Intrahepatic Cholestasis of Pregnancy – Term Paper

Intrahepatic Cholestasis of Pregnancy (ICP)


Typically, Intrahepatic-Cholestasis of Pregnancy (ICP) is a serious condition/disorder of the liver that develops during late pregnancy in some expectant women. The disorder is also commonly known as cholestasis of pregnancy, prurigo gravidarum, obstetric cholestasis, or jaundices of pregnancy by some doctors (Lammert et al, 2000). It is a medical condition during which there is cholestasis occurrence in a pregnant woman. The condition is typically characterized by instances of extremely troublesome itching of particular parts of the body’s skin which can also spread to other parts of the body, and can later result into certain complications for both the expecting mother and her fetus (Tunzi & Gray, 2007).

Some of the most common symptoms of ICP include itching limited only to the soles and palms, especially during the evening, skin rash occurrences, slow response or failure of anti-histamines or other recommended anti-itch remedies (Tunzi & Gray, 2007). However, there are other less common symptoms, which include lighter stool, fatigue, darker urine, slow or increased time for blood clotting, instances of decreased appetite, increased nausea, and jaundice among other negligible symptoms. The abovementioned common symptoms, especially itching may grow mild towards the later periods of pregnancy, and until the child’s birth. However, once the new baby is born, the itches usually disappear within some few week for many women.           

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Cholestasis during Pregnancy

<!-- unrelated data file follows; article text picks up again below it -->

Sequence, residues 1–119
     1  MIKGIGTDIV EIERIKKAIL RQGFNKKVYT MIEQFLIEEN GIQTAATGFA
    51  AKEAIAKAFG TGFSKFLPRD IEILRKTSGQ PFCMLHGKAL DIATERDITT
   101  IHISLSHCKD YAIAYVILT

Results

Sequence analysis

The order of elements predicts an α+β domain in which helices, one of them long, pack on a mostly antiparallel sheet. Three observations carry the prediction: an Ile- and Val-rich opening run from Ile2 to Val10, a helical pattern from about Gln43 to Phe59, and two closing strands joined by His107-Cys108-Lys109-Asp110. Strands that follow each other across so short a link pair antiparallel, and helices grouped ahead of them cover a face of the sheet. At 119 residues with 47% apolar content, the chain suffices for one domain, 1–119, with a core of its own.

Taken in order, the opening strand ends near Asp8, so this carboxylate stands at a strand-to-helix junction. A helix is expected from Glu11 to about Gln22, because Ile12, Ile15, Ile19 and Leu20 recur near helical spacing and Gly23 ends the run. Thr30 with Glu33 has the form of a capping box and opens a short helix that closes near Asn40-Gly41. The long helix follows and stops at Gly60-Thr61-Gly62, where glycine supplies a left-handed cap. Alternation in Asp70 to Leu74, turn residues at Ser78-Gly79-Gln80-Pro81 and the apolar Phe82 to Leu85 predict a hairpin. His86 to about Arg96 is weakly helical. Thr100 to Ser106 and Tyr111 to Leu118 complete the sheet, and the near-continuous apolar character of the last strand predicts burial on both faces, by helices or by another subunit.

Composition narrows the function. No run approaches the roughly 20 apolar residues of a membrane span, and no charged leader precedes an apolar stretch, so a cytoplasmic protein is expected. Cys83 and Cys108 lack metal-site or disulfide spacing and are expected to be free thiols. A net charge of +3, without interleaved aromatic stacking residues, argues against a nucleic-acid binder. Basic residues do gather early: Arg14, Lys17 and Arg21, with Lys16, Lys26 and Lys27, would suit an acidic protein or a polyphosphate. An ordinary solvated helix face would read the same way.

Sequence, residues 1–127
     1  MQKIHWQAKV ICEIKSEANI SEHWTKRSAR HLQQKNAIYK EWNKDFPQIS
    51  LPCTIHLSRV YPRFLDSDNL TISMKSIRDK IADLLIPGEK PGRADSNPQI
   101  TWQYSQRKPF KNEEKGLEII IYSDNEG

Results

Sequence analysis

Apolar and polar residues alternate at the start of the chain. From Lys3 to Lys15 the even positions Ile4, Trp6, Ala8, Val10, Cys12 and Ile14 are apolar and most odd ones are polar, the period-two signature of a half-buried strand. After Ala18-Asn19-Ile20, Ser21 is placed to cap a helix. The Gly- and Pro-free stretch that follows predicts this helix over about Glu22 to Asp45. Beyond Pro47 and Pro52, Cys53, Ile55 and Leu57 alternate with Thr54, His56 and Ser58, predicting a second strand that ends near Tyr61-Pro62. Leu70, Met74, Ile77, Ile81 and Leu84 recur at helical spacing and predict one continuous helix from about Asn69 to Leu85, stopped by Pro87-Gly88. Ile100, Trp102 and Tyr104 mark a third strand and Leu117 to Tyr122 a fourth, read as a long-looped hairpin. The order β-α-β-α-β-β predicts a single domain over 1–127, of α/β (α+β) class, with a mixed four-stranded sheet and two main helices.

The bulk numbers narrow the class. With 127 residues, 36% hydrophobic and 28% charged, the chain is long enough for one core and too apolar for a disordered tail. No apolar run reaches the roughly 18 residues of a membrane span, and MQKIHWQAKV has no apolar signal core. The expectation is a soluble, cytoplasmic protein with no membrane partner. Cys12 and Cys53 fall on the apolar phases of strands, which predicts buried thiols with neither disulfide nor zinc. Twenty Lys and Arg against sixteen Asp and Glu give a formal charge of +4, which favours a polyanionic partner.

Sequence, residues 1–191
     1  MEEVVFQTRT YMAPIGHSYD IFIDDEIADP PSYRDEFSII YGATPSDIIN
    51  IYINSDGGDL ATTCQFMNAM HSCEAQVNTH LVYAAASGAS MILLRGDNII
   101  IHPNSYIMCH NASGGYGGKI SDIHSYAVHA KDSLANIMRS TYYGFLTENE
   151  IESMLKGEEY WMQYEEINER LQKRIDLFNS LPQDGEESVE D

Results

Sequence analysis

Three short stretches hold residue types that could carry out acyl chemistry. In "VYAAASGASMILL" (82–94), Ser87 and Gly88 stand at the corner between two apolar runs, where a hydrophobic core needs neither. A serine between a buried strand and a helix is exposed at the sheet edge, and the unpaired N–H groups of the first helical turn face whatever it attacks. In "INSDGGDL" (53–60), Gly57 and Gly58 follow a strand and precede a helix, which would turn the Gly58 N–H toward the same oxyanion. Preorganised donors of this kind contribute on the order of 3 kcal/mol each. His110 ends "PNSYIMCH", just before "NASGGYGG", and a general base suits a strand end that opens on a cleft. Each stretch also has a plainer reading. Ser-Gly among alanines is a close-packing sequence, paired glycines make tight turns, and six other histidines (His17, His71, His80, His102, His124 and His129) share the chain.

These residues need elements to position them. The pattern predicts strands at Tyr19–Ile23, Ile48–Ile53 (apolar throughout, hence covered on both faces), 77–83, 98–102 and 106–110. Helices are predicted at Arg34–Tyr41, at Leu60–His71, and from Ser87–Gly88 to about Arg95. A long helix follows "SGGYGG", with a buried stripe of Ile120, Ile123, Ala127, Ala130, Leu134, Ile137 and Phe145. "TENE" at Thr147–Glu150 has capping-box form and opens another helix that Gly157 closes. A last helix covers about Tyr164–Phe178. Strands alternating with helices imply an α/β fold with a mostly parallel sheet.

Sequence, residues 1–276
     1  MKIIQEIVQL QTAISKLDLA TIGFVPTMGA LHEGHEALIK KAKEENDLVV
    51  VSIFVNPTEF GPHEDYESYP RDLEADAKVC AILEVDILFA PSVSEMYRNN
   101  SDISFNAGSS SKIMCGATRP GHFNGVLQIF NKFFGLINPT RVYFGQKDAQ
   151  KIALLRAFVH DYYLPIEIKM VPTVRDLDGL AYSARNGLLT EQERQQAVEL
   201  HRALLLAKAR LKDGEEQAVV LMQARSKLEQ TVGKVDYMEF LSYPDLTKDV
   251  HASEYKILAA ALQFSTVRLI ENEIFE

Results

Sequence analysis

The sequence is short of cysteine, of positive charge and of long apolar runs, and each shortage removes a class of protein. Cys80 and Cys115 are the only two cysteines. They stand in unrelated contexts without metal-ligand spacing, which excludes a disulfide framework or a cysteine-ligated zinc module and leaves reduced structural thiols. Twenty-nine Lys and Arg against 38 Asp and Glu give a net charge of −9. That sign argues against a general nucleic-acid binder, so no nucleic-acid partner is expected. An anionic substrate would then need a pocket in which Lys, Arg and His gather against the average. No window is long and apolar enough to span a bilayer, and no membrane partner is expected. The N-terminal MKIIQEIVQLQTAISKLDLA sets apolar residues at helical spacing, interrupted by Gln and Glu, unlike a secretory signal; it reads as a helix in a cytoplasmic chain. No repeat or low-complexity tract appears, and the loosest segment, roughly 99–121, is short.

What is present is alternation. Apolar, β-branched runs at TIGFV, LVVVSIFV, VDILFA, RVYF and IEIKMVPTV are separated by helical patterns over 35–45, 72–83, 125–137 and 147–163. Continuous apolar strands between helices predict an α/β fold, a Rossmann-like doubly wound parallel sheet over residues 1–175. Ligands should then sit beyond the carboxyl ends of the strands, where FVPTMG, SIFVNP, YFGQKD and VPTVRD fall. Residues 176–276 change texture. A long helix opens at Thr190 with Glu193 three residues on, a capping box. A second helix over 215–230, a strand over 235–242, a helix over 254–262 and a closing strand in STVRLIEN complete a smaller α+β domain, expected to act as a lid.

According to Lammert et al (2000), ICP is a rescindable form of hormone dependent cholestasis, which in common cases occurs during late pregnancy among women who are genetically pre-disposed. It currently emerges as one of the most common pregnancy-related disorder of the liver, characterized by general itching that commences with pruritus of the hands’ palm and feet soles, but can later manifest to other vital body parts. It common cases, the ICP liver disorder appears during the late periods of second trimester and during the early 3rd trimester during pregnancy.   

The conditions for cholestasis commonly impairs the discharge of gastrointestinal fluids (bile) right from the liver cells, hence the bile accumulates in the liver leading to the malfunction of the liver. The term Cholestasis refers to a reduced bile flow down the bile ducts from the liver (Lammert et al, 2000). During this reduced flow, some bile contents leak out into the woman’s bloodstream, particularly the bile salts. It due to the problem of internal release of bile within the liver that gives the condition its name as “Intrahepatic Cholestasis.” Nonetheless, the actual cause of ICP is still not yet established and precisely understood, although a number of researchers and scholars attribute the disorder to hormonal and genetic aspects, which are most likely to become handy in disease’s pathogenesis (Geenes et al, 2014). Some aspects of estrogens, especially the glucuronide’s estradiol-17B-β was proved to lead to cholestasis during animals’ study. It reduces hepatocytes’ bile acid intake. A number of studies also suggest that progesterone could also be playing an important role in prompting ICP.

Cholestasis of Pregnancy Symptoms

Elsewhere, the genetic (inherent) factors that have been associated with the ICP include the clustering of the disorder in families, the ICP recurrence amongst 45 to 70 percent of ensuing pregnancies, and geographic variations in the ICP rates. All these suggest the disease’s genetic components. As well, approximately 15% of the ICP disorder cases are linked to adenosine tri-phosphate conjoining cassette, a subfamily-B –, member four (AB-CB4/abc4) gene. This involves the genetic mutation of hepatocellular MDCB4 – ABCB4 transport protein that regulates phosphatidylcholine secretion into bile. The gene is also identified as multi-drug resilient protein3(MDR3), which encodes and triggers the transmission of phospho-lipids through the hepatocytes’ canalicular membrane (Lammert et al, 2000). Therefore, the genetic mutations influencing the transportation of hepatic-bile-salt molecules are also found to be prevalent among patients with PFIC (progressive familiar intrahepatic cholestasis). Research reveals that mothers of PFIC patients have frequent incidences of ICP disorder (Geenes et al, 2014). This proves the association of these genes with the ICP pre-disposure.